come-at-meA fast can be difficult, sure. But not, I usually found, because of hunger. That comes and goes, and it’s often the least challenging aspect of fasting. No, to many others besides just me, one of the truly interesting parts of a fast is what it may reveal about attitudes, attachments and mindsets that deserve a careful look. And it’s just the scrutiny they don’t usually get in the scramble to ingest the daily three squares, plus the obligatory snacking an overfed Westerner like me makes sure to practice as faithfully as any religious devotee. Food Yoga, anyone? Follow the Calorie Sutra? Junk-food Gita? The venerable Maha-salsa-and-chips? Down with that.

A physical fast also begins to open up unforeseen and potential valuable energies for other things than preparing, consuming and digesting food. Plenty of books and other resources address those advantages.

And for clarity and vision-questing around Samhain, a fast can offer one more valuable tool to those who want to look beyond the usual boundaries and curtains over our awareness.

As I’ve aged, and as accumulated physical issues make a food-fast a cause of more problems than benefits, I’ve turned more to mental fasts. (This could be one alternative to people struggling with food issues like bulimia and anorexia.) In addition to its purpose as a ritual offering, a devotion which deserves its own post, keeping the attention on a chosen object, image, mantra, deity, etc., for a twenty-four hour period drops all kinds of issues front and center stage. Lacking things to work on? Feeling like I fully qualify for Ancient Honorable Thrice-Sanctified Adeptus XI? Nothing quite like a fast to reveal my crap-of-the-day and put me in my place.

So I take inventory every hour and return, return, return the attention to its focus. Technology helps. (Got the latest fast-app?! A simple e-timer can help a lot. Try a “tasteful chime,” as one friend calls it.)

How good is my concentration? Is my chosen focus for the day even worthwhile? What is devotion, anyhow? What distracts me the most? What claims to be more important, or insists it’s a valid priority? How do I respond to others who ask why I may seem a little absent-minded or distracted today? Do I listen carefully enough to perceive who really wants to know, and who — if I tell them — may mock what they don’t understand? How much of this particular fast is just an exercise of ego or will-power, and how much is meaningful devotion?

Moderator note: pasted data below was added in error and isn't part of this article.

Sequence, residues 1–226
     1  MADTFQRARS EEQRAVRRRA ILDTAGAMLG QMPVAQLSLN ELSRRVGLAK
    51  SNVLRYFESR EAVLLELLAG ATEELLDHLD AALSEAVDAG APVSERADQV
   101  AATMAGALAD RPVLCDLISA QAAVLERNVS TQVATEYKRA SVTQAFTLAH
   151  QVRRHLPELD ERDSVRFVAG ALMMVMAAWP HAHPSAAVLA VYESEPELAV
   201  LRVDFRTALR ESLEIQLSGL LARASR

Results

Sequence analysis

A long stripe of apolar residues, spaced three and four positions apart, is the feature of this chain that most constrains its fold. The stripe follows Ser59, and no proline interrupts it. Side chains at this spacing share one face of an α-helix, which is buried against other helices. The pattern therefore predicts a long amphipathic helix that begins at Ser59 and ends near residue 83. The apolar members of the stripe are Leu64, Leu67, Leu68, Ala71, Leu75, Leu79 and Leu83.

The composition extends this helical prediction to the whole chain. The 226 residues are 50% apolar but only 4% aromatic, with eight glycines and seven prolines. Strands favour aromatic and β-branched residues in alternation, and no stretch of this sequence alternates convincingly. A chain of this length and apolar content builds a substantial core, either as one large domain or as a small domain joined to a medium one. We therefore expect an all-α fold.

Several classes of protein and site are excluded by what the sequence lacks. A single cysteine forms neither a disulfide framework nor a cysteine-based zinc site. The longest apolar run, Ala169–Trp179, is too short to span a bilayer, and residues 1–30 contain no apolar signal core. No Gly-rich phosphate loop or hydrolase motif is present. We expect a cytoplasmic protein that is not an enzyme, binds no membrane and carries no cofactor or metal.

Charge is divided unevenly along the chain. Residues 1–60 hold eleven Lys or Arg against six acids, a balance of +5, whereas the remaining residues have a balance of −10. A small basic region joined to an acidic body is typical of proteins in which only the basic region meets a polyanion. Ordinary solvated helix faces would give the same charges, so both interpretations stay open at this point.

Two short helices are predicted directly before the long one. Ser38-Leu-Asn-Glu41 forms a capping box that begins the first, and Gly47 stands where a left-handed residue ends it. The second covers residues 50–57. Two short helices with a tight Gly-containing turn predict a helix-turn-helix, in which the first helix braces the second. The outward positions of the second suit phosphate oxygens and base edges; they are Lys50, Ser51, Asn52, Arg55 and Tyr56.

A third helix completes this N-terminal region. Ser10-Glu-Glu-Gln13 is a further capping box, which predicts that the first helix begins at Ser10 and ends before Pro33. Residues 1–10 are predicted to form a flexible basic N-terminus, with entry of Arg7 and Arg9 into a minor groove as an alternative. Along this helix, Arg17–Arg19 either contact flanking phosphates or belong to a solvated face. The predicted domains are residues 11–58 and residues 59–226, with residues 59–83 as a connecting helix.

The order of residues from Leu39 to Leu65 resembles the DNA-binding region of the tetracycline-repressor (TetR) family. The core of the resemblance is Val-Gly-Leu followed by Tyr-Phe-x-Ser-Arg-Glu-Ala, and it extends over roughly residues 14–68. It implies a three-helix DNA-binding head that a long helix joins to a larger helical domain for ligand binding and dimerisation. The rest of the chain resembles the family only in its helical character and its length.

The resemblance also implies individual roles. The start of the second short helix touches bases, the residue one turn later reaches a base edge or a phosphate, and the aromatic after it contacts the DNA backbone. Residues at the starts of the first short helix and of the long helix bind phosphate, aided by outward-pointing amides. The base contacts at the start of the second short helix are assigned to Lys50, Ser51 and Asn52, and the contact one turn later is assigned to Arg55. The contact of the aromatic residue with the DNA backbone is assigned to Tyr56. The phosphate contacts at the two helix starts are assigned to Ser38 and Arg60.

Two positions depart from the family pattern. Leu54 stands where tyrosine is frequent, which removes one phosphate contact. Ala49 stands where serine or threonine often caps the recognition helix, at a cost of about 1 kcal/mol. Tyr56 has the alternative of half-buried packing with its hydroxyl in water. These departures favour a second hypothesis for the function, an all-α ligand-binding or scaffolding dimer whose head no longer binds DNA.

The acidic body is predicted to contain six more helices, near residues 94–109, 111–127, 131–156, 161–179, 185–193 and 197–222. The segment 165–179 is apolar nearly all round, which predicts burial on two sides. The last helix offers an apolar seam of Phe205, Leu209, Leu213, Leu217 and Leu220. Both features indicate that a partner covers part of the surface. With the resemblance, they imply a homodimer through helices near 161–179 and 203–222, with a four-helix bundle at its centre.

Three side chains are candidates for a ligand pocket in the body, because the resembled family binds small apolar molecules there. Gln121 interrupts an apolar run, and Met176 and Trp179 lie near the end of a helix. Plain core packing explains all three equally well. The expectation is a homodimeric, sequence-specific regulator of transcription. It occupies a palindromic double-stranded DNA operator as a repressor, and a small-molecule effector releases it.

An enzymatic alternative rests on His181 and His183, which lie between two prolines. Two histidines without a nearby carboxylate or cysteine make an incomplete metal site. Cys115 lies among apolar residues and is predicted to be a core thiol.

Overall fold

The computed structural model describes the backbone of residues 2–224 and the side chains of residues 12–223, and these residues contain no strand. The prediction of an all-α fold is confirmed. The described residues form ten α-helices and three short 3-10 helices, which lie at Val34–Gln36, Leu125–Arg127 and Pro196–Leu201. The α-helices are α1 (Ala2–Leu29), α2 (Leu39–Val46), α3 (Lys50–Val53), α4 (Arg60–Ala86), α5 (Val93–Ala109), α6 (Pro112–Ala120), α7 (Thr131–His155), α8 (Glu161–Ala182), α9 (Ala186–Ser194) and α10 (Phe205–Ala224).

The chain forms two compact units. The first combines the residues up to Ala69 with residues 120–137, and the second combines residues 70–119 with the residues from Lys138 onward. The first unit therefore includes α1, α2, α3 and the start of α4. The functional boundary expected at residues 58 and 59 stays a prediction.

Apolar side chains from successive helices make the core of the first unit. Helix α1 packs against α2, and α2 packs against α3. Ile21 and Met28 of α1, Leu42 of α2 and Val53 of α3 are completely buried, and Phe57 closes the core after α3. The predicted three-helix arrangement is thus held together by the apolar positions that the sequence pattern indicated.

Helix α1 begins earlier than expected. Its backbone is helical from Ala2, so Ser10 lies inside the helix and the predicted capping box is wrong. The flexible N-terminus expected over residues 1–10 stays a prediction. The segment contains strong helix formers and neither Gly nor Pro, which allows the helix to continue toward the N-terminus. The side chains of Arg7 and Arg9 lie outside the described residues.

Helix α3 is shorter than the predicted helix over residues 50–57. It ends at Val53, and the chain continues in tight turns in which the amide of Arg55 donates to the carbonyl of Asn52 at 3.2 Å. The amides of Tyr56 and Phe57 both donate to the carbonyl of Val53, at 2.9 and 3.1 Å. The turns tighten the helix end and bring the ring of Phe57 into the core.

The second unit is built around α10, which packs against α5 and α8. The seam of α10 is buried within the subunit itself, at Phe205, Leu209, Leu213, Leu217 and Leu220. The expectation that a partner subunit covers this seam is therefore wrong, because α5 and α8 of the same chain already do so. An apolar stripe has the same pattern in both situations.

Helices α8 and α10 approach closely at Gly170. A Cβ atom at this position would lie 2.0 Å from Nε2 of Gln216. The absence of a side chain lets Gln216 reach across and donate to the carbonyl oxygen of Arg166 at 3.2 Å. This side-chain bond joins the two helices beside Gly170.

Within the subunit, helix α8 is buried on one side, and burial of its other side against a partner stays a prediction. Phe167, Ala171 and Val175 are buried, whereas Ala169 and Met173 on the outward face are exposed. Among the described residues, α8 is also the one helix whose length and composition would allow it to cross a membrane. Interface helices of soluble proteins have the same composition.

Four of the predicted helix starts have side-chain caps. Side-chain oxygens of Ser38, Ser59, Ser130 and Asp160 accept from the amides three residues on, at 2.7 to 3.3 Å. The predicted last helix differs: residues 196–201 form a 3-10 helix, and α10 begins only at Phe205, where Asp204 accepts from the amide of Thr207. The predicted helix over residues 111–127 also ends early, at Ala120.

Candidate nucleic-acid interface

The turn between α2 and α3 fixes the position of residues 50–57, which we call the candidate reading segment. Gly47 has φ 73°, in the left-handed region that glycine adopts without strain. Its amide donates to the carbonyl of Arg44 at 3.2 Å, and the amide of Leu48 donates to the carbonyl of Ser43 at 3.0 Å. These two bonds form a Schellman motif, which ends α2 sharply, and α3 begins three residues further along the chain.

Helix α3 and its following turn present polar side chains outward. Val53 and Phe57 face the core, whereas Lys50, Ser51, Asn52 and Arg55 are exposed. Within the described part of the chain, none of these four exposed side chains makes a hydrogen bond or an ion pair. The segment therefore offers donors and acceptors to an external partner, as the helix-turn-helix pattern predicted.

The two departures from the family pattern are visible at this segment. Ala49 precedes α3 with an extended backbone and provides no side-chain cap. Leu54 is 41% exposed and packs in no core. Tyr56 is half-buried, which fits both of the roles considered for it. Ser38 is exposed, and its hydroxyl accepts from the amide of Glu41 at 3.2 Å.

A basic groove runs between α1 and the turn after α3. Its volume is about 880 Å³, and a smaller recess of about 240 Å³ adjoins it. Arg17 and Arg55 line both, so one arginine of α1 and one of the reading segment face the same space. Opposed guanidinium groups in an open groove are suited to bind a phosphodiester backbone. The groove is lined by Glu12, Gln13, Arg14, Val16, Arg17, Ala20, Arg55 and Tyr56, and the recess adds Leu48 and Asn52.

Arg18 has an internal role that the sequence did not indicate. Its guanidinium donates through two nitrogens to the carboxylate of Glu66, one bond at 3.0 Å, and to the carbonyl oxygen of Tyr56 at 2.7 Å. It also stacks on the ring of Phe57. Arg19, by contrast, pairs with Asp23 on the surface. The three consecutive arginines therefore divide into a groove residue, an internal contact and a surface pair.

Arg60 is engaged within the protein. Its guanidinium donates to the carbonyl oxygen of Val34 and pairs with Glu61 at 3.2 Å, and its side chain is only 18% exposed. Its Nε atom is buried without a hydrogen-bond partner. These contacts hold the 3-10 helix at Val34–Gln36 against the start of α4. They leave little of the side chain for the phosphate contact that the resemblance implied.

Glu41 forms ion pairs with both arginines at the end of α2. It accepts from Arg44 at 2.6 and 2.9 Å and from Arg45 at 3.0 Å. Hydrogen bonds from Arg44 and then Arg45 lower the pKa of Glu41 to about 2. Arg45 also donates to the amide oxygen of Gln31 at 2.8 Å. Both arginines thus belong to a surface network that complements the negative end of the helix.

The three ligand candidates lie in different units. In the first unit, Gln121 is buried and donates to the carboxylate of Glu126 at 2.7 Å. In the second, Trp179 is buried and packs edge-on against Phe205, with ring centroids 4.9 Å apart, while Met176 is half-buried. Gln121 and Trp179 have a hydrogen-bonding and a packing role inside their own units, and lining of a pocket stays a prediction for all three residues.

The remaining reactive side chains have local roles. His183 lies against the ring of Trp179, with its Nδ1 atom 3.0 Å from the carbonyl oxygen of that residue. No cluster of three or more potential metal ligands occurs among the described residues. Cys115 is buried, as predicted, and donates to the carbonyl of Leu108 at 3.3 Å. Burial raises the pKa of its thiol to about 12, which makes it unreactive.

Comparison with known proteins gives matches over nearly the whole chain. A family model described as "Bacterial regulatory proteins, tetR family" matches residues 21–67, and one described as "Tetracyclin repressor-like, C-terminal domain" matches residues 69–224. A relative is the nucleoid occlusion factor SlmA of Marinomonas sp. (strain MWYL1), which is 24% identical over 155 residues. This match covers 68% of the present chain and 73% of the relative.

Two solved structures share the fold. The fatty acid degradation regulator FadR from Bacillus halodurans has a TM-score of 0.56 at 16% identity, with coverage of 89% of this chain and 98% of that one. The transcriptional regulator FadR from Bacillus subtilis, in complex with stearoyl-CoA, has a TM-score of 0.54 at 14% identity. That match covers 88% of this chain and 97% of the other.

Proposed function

OK, you get the idea. Illness can provide a natural push toward a mental fast. You can’t jump into your normal routine, you may find yourself in bed, and rather than relying on cable, Netflix, Hulu, net-surfing or some other drug of choice to fill every single minute you’re not moaning for sympathy, soaking in warm water to soothe your unhappy bone-house*, tossing and turning because you can’t sleep, or downing pills, extracts, roots, powders, potions or elixirs, why not use even a fraction of the time to experiment … on yourself? Best laboratory ever! No? Still not convinced?

I’m a sucker for squeezing every experience for what I can gain from it. (At least that’s what I tell myself. Some future fast will without a doubt show me where that’s no longer true, or never was.)

Meanwhile, I’m looking forward to a holiday fest this evening with some friends and neighbors. Just the four of us.  A mostly veggie potluck meal, because that’s what’s come from our gardens. A short blessing (probably the one that opens my About page) in lieu of a longer ritual. And the fasting I did yesterday, imperfect, illness-prodded, leaves me grateful to today to be feeling better. No small thing.

Here for your delectation is a short Youtube clip from the 2014 Edinburgh Samhuinn Fire Festival:

Happy Samhain/Halloween to you all!

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Images: 40-day word fast; Gene Wilder fast-meme picCome at me, bro!;

*Old English bán-hús: body, chest; literally, “bone-house.”